Our Studio Manager, Jamie-Lee, talks about the often irrational desires that drive product choices and asks that she as a purple-loving consumer be remembered during the design process.
I have never considered myself to be of a shallow or materialistic nature but of late I have been forced to reconsider. In our recent post ‘PDD’s 12 Gifts of Christmas‘ I confessed that I asked Santa to leave a shiny new sewing machine under my tree. Except that it’s not a shiny new machine I am after at all.
Image Credit www.solarnavigator.net
Admittedly, I have never been in control of a sewing machine so as a beginner, sensible, perhaps obvious considerations when choosing one of the numerous machines on the market should have been; ease of use, how simple are the instructions, does it come with any ‘how-to’ extras? Yet my only stipulation was something which looks beautiful and authentically vintage. Despite vehement protestation from a family member (a London College of Fashion graduate) about the impracticality of such machines I remain undeterred – I do not want a plastic monstrosity no matter how easy it is to rustle up a wedding dress on it, and my heels will stay dug in!
Please bear with me whilst I get a little nostalgic. Many years ago I spent far too much money in far too few minutes on a car. A T-Reg Renault Mégane convertible. It had a 1.8 sports engine ergo it was not economical. It had 2 doors therefore it was not practical. It was in the region of £6000 thus it was not affordable. It was, however, black with alloy wheels and a roof that retracted when you pushed a button on the dash. Was it a head-turner? Of course it was, and that is what’s important!
Image credit www.ghdpurplestraightener.net
More recently I found myself in an unfortunate situation whereby my GHD straightening irons failed due to an electrical fault. Although GHD‘s are billed as the best on the market my main reason for purchasing this particular model was again, nothing to do with performance or usability – I bought them because they were purple, hence my utter disappointment on receiving my replacement… a pair of plain black straightening irons.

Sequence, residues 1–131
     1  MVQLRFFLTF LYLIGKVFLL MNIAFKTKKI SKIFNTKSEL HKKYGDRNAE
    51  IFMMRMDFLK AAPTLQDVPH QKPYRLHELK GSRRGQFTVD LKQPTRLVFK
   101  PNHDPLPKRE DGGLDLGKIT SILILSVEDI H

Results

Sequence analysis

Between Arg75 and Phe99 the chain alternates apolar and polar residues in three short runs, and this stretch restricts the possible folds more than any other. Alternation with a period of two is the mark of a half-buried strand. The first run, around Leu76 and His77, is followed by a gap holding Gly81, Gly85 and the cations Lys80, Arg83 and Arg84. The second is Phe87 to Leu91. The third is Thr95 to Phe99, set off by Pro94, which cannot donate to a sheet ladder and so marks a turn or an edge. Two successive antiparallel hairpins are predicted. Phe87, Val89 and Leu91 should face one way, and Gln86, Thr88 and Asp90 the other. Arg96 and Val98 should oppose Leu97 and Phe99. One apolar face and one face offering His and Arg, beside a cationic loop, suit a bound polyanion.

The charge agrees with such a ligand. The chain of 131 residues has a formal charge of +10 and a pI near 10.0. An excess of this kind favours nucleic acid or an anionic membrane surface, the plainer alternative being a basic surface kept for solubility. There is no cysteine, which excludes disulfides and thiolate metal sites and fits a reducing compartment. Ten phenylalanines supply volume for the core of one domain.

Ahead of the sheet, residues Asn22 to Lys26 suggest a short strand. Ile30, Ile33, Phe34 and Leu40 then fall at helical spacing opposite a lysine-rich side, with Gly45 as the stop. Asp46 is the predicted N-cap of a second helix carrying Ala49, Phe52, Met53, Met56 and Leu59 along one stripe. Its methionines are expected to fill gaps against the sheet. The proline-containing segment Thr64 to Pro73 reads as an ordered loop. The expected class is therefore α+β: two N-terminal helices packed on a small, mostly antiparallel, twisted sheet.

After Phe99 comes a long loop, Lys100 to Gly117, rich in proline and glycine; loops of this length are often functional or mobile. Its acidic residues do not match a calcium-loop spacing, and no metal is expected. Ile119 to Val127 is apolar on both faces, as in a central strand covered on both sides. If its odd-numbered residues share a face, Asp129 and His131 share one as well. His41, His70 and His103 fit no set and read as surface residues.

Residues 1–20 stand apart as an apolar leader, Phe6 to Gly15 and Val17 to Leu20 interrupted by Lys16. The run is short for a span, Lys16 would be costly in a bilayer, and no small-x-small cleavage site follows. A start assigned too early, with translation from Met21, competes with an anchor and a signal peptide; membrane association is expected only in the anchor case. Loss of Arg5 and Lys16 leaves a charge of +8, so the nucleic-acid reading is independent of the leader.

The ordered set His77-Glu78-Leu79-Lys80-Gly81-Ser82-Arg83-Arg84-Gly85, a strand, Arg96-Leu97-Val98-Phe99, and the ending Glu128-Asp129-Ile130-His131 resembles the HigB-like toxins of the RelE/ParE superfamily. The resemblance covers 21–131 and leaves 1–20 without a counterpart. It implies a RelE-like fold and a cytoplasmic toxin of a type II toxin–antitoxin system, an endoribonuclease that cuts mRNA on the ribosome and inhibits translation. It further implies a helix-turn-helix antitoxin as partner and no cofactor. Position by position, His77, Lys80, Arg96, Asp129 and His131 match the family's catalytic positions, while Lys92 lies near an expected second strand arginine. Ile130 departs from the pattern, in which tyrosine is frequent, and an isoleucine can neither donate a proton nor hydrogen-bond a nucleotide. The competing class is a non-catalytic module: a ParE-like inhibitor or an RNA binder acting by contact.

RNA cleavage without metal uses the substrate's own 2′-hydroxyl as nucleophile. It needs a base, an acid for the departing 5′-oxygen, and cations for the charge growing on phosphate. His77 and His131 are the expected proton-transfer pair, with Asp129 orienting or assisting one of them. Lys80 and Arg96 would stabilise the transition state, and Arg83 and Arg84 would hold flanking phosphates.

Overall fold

Now the cold hard fact of the matter is that the replacement is a newer, sleeker model and is designed beautifully, furthermore they do exactly what they say on the tin, and oodles more. Unfortunately for me, what they are not, is purple!
Realising just how upset I was about this frankly irrelevant cosmetic discrepancy got me wondering, we seem to live in a world where consumers are so bombarded with choice that sometimes the only way to pick one is “because its pretty” so how do designers cater for completely irrational impulse buyers like myself? Those folks crazy enough to wear agonising shoes to a Christmas party simply because they are beautiful – there must be more of us out there, so when and how are we considered in the design process? Are we considered at all? Who is it that gives us a voice? How would our lovely trends team go about finding out how to trigger the impulses to make us want to buy, and how is it decided which design trumps another? These, amongst infinite others, are questions that drive the PDD studio every-day so if you were reading this post looking for answers then I must apologise for leading you up the garden path, we can’t go giving away all of our trade secrets after all. But as for those shoes, they really are fabulous…